Rose and Crown: Our Hampshire Scouts Badge

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You'll find it on the sleeve of every Scout in Hampshire, that's tens of thousands of us, and on the back of our Hampshire Scouts necker worn by our County team. But where did the rose and crown symbol come from?

The answer may not be as straight-forward as you think.

The Hampshire Rose

Lots of Counties use the rose as a symbol; the white rose of Yorkshire and the red rose of Lancashire are well known to any schoolchild who's studied the late Middle Ages.

Hampshire also has an association with the rose in heraldry dating back many centuries, but it specifically has links with the Tudor rose since 1533. Mounted high on the wall in the Great Hall of the former Winchester Castle is the Round Table. Believed for many centuries to be the table of King Arthur, it shows the mythical King painted on it and a single rose painted at the centre.

In 1533 however, the table was repainted as a compliment to the reigning King Henry VIII with King Arthur now shown wearing Tudor robes and the rose modernised to a double Tudor Rose. Ever since, heraldry in Hampshire has been split between the original red rose and the Tudor red and white rose ever since.

The Round table in Winchester Great Hall. From Wikimedia Commons user Rs-nourse
The Round Table found in Winchester. Picture: Wikimedia Commons Rs-nourse under CC BY-SA 4.0.

The rose with the crown above has had just as long a history; it is moulded into a cannon from the Hampshire-built Mary Rose, appears on 19th century coinage and to this day serves as the logo of Hampshire County Council. A variation is now in use as the County flag of Hampshire, albeit with a Saxon crown and triple rose.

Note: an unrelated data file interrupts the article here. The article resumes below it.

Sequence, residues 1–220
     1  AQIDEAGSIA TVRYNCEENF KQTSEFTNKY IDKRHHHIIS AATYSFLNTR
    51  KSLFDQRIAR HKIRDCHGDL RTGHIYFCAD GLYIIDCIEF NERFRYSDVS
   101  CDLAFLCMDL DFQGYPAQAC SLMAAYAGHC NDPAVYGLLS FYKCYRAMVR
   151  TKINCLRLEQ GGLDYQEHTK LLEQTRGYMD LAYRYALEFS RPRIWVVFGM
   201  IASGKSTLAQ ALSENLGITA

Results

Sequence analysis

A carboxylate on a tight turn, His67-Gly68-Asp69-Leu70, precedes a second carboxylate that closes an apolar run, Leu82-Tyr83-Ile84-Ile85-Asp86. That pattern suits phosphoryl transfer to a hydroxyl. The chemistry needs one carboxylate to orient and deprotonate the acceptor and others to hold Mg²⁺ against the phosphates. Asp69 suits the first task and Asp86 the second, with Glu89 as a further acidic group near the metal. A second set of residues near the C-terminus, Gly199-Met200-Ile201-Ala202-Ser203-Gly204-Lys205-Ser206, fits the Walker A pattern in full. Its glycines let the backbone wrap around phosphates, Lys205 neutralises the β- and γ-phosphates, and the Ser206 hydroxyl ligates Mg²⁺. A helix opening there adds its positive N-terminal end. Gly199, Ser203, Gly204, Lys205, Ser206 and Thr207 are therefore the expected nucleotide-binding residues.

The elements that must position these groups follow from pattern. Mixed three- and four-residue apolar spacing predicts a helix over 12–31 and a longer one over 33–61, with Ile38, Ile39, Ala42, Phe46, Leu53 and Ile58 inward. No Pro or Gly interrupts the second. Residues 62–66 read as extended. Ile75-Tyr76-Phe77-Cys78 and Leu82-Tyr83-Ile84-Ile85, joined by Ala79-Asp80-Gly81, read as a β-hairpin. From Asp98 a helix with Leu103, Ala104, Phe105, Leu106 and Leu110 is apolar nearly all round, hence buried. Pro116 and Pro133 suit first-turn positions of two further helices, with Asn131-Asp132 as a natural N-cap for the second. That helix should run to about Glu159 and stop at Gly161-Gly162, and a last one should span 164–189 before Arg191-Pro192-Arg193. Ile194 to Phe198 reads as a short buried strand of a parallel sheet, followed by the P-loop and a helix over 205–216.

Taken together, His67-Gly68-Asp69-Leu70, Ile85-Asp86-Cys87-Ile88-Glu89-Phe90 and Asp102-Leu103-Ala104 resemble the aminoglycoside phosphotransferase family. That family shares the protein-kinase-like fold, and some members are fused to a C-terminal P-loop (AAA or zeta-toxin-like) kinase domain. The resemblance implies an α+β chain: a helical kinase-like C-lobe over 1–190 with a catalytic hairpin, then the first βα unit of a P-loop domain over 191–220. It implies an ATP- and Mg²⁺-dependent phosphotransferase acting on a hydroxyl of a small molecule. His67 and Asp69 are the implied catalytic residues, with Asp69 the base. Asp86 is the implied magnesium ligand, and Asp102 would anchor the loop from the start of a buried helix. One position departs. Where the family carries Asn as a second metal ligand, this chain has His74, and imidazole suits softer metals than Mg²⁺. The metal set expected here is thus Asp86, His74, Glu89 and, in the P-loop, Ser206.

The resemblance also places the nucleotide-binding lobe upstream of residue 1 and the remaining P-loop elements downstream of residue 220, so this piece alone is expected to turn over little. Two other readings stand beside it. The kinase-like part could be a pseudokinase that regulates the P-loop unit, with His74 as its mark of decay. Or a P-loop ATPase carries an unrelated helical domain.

The Hampshire Scouts badge

A Hampshire Scouts neckerchief with the Double rose and crown emblem embroidered on it. The scarf is black with gold and red trimming.

Our badge that we use today was introduced around 1931 to replace the original badge (described as dull). For our design, the badge of the Hampshire Lawn Tennis Association was used. The design has remained remarkably similar ever since.

It features a double rose, but with all red petals, to reflect the ancient symbols of Hampshire pre-dating the Tudor rose. Today you'll find it on our new County Neckerchiefs, introduced in 2018, and on our uniforms still.

The old logo of Hampshire Scouts with a fleur de lis inside a double red and white rose design.
Our old logo.

While our badge has been flying the flag for the double red rose for nearly a century we've dabbled in the Tudor rose for a while ourselves. A White rose with a red border and a black centre with a Scouting fleur-de-lis was used as a logo for Hampshire Scouts from the turn of the millennium until 2018.

Since then we've made sure we keep it consistent with our double red rose.

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